The dead body of the man in the blue T-shirt is covered in blood, and has been dumped in a line with tens of others in the courtyard of a building in Syria. In the color photograph, the sun is shining down on the corpses, all of whom bear the marks of violence, some showing multiple bullet wounds.
Radwan Ziadeh, the director of the Damascus Center for Human Rights Studies, clicks on to the next slide in his presentation. It shows a trench filled with the dead bodies of those killed in a massacre in Syria last year, the corpses lying jumbled, packed tightly on top of one another.
“That man in the blue T-shirt,” Ziadeh says looking at his audience, “is my cousin.”
He pauses, looking at the assembled Kurds, Iraqis, Libyans, Bosnians, Serbs, Mexicans, Americans and others in front of him, gathered in the airy auditorium of the Peace Palace in The Hague.
“I never thought,” says Ziadeh, a soft-spoken man with a neat moustache and black hair, “that I would see mass graves in my country.”
Many in the audience nod firmly in agreement, for, like the activist, who has been documenting human rights abuses in Syria since 2011, they have mass graves in their countries too. They have gathered in the Netherlands to try to establish a workable method of coordinating the multiple, highly complex facets of dealing with the rarified and painful world that is missing persons.
“Before I finish, I want to raise the issue of ‘never again,’” Ziadeh says, clicking off his PowerPoint, and handing over the podium to the next speaker.
This is a quietly determined US woman who knows all too well that those words, uttered at the Nazi war crimes trials in Nuremberg more than 60 years ago, have proved somewhat hollow. With an estimated 48,000 people, mostly civilians, missing in Syria alone — victims of forced disappearances, massacres and executions — the map of world conflict nowadays would instead seem to shout “again and again.”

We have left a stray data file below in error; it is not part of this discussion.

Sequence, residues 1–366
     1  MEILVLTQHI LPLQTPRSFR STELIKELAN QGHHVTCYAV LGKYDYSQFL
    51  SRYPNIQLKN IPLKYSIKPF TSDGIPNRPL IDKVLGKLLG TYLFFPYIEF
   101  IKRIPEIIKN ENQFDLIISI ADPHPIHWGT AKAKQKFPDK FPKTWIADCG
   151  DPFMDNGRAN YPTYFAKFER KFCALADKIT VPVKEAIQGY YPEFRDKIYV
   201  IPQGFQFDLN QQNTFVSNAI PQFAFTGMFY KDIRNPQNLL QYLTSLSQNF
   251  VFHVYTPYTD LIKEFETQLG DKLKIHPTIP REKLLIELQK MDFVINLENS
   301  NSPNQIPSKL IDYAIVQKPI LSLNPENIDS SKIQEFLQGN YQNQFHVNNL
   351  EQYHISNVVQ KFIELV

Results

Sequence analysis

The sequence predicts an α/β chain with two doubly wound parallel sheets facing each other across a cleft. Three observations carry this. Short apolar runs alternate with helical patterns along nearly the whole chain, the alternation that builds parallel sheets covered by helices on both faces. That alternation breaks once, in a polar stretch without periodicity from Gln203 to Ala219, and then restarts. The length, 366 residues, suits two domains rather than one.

The organization that Kathryne Bomberger heads — the International Commission on Missing Persons (ICMP) — has perhaps done more than any to account for many of the thousands of people missing worldwide from wars, ethnic cleansing and natural disasters. The officials gathered in front of her from multiple conflict areas bear testament to this.
Croatian President Ivo Josipovic, whose country has uncovered about 150 mass graves from the Bosnia-Herzegovina war in the 1990s, said in the auditorium: “The issue of missing persons remains at the heart of every armed conflict.”
“Syria,” Bomberger says, “is a looming challenge. The challenge to carry out the non-discriminatory search for the missing is the challenge of the former Yugoslavia, is the challenge of Syria, the challenge of Libya, and the challenge of Iraq.”
She should know. When, in 1999, the ICMP set out to find and identify the estimated 8,100 Bosnian Muslim men and boys who had gone missing following the 1995 Srebrenica massacre in eastern Bosnia, many people said it could never be done. After all, the bodies of the men killed by the Bosnian Serb forces of general Ratko Mladic — now on trial for genocide in a Hague courtroom, a mile from the ICMP conference — had been buried in dozens of mass graves hidden in the wild Bosnian countryside. One forensic scientist said that finding the victims and giving them back their identities would be akin to “solving the world’s greatest forensic puzzle.”